What you need to know about the future of paying for stuff

We've virtualized much of the rest of the modern life -- why not payments? Plane tickets, banking and many other aspects of our lives now live on our phones. Payments still exist in the world of paper and plastic.

Google has Google Wallet; Visa has payWave; MasterCard has PayPass; and American Express has ExpressPay. Apple just announced its own, with Apple Pay. If you've heard of any of these credit card services other than Apple's recently announced system and maybe Google's long-running program, we're impressed. You're in the minority; heck, one quarter of US citizens don't even own a standard credit card, let alone a virtualized one. But virtual payments are more prevalent by the year, and Apple Pay is giving the concept a much-needed publicity boost. So, all that said, let's talk about the future of payment.

Don't throw away your wallet just yet.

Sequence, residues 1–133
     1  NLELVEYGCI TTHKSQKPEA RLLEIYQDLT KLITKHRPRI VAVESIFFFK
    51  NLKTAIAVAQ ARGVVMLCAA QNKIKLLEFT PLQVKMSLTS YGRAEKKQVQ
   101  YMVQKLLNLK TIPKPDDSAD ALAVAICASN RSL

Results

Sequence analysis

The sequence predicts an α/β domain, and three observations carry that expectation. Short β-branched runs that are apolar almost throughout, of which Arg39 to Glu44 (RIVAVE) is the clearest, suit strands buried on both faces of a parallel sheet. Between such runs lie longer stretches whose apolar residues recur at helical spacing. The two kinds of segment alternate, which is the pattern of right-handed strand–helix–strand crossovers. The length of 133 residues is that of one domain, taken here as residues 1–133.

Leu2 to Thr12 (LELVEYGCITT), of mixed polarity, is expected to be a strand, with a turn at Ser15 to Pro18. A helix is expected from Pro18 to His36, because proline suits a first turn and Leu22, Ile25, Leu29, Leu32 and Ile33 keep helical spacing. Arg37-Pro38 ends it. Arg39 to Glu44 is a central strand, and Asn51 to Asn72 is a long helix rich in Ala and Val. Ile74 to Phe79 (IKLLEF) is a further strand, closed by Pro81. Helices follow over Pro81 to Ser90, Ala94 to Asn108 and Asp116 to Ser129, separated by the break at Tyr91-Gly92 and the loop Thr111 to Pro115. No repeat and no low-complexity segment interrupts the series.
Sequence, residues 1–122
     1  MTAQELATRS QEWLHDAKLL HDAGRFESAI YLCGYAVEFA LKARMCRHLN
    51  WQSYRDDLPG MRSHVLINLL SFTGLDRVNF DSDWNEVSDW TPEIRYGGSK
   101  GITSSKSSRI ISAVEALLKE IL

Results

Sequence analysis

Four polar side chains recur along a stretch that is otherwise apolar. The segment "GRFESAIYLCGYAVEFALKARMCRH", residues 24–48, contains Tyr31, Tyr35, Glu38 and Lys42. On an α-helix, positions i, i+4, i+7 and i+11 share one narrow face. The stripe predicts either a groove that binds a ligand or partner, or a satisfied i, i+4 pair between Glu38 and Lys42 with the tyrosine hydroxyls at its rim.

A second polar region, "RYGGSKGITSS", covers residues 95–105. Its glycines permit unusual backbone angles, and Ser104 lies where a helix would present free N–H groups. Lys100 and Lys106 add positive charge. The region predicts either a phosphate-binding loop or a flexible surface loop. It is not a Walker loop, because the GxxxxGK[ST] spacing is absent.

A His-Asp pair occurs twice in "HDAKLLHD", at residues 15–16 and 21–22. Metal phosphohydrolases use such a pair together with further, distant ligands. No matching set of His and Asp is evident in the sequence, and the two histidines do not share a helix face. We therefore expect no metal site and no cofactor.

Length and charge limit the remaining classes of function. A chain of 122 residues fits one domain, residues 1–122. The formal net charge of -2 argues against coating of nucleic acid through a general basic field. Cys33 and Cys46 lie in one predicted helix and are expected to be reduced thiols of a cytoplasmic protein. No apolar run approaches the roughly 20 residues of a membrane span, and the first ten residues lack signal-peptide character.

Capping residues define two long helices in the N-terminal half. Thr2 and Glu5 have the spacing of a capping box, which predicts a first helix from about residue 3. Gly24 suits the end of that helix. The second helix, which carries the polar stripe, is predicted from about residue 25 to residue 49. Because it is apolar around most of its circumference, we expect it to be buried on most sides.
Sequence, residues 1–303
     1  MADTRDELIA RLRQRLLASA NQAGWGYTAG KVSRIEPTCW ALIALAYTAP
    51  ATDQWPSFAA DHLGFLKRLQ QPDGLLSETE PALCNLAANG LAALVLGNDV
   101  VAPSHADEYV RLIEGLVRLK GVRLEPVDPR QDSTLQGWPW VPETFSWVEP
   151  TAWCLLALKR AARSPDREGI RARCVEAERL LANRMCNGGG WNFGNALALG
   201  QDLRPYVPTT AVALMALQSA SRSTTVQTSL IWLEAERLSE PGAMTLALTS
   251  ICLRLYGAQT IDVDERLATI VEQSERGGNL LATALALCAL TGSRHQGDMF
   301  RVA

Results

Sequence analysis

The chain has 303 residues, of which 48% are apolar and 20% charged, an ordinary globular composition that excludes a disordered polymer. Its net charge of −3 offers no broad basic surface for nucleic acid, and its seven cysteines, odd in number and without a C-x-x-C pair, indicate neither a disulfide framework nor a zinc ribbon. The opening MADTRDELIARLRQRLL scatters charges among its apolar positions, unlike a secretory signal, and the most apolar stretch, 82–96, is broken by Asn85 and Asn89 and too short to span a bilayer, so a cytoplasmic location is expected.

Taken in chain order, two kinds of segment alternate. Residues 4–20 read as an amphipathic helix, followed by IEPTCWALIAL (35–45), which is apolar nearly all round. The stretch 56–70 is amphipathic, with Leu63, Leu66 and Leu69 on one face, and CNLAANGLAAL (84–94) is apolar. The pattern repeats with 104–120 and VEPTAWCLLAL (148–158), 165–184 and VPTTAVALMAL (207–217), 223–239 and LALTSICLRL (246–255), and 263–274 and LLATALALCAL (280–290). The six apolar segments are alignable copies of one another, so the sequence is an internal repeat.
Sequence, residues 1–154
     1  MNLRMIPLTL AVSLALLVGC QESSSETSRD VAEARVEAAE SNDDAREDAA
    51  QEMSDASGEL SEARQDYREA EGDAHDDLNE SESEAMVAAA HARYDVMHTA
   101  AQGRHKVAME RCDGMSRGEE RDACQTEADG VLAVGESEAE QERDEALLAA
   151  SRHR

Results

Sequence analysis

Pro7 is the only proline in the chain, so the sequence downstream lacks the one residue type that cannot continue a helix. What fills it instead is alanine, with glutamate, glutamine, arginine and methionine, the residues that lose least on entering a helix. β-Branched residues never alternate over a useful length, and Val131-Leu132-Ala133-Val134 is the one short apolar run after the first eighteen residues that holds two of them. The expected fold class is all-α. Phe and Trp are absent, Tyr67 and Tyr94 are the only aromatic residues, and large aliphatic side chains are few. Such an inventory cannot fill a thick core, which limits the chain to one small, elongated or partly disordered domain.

When it comes to virtualized payment systems, we're not talking about paying with your credit card number online, or even services like PayPal. We're talking about the act of paying at a physical store with virtual means: your phone, for instance, or some forms of credit card. Perhaps you've got a special key for use at the gas pump, where you wave it near a part of the pump and you're good to go? Same concept, except this is all payment scenarios (at major retail chains, anyway).

Google and Apple are using NFC -- "Near-Field Communication" -- to make this work. That means exactly what it sounds like: You put your phone or card near a reader and the reader accepts payment. We've got a video of Apple Pay in action right here!

Pretty simple, right? What's actually going on behind the scenes is a bit more complex, of course, but the implementation is meant to be painless. Ideally, even more painless than pulling out your credit card. And more secure, too.